Role of amospheric boundary layer processes in the diurnal evolution of CO2 concentration
Tutor / director / evaluatorPino González, David
Document typeMaster thesis
Rights accessOpen Access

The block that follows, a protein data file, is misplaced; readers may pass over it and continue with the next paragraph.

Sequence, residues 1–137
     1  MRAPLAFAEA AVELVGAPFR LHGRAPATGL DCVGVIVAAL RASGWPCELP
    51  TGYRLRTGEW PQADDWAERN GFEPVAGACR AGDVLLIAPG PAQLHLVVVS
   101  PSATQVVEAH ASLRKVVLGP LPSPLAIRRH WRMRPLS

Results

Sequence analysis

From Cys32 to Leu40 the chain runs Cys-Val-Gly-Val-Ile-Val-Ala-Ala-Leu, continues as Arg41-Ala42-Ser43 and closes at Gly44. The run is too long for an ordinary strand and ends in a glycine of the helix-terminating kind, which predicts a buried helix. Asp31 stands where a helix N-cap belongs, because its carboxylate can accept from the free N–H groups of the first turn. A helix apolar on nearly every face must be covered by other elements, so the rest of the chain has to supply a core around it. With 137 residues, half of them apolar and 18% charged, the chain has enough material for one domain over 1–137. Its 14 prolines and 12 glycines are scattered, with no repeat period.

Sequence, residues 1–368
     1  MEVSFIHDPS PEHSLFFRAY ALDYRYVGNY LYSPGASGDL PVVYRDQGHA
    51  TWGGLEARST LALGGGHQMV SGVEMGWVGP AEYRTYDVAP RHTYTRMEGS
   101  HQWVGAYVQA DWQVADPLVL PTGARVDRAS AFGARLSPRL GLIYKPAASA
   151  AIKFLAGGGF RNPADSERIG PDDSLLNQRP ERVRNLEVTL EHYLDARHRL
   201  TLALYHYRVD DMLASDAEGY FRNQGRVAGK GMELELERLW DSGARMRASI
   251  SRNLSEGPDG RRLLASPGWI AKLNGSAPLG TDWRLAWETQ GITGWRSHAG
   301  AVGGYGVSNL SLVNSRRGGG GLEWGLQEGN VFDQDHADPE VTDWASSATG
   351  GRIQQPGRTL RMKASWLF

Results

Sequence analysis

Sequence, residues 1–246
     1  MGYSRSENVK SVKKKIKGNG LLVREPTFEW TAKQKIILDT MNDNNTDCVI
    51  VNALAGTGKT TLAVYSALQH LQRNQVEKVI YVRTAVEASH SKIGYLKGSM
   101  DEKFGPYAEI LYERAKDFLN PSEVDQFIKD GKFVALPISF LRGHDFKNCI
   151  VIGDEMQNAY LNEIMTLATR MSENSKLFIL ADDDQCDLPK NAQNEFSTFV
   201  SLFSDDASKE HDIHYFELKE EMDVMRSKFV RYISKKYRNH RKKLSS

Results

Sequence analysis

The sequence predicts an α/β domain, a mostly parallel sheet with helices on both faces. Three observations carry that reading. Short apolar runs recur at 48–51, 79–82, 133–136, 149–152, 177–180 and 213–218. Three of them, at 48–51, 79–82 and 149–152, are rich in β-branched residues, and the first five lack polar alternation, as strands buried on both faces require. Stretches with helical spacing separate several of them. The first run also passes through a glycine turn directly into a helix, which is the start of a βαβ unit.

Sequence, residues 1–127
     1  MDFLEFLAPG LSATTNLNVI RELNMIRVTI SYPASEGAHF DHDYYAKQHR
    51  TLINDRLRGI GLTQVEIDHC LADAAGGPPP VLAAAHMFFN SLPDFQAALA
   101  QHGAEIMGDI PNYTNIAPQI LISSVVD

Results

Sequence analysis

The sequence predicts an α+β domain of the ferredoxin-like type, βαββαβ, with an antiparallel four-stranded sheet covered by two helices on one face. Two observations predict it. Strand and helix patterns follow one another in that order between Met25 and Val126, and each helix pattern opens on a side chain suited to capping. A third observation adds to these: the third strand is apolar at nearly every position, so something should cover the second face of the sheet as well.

Atmospheric boundary layer (ABL) is the lower portion of the troposphere that links the biosphere and atmosphere by exchanging heat, moisture, carbon dioxide (CO2) and other constituents between them. Interpretation of observed CO2 mixing ratios in the ABL require information of the dynamical characteristics of the ABL. Horizontal advection and large scale subsidence are however rather difficult to measure and often their contribution on the ABL budget cannot be conclusively addressed. This causes significant uncertainties on the estimates of biosphere-atmosphere CO2 exchange that is inferred from the CO2 mixing ratio observations. This Master’s Thesis examines the influence of horizontal CO2 advection and large scale subsidence on the diurnal evolution of CO2 mixing ratio in a convective ABL. From a conceptual mixed-layer theory, a set of analytical sensitivity equations is derived to quantify the contribution of horizontal CO2 advection and other ABL variables on the bulk CO2 mixing ratio evolution. Similar equations are also derived for the inferred biosphere-atmosphere CO2 exchange. Measurements during two well characterized convective days at the Cabauw tower in the Netherlands are analyzed by using the derived relations. This analysis shows that errors in horizontal CO2 advection can lead to notable uncertainties in the diurnal evolution of the CO2 mixing ratio and the inferred CO2 surface exchange. Moreover, a systematic study is performed to investigate the behaviour of the derived sensitivities on different days by changing the initial vertical profiles of potential temperature and CO2 mixing ratio in the mixed-layer simulations. Influence of large scale subsidence on the diurnal evolution of CO2 mixing ratio and the inferred CO2 surface exchange is demonstrated by numerical mixed-layer simulations. These simulations indicate that an erroneous large scale subsidence can also cause non-negligible uncertainties in the evolution of the CO2 mixing ratio and the inferred CO2 surface exchange. The results presented in this thesis hence implicate that horizontal advection and large scale subsidence should be carefully regarded also when processes on diurnal time scales are considered.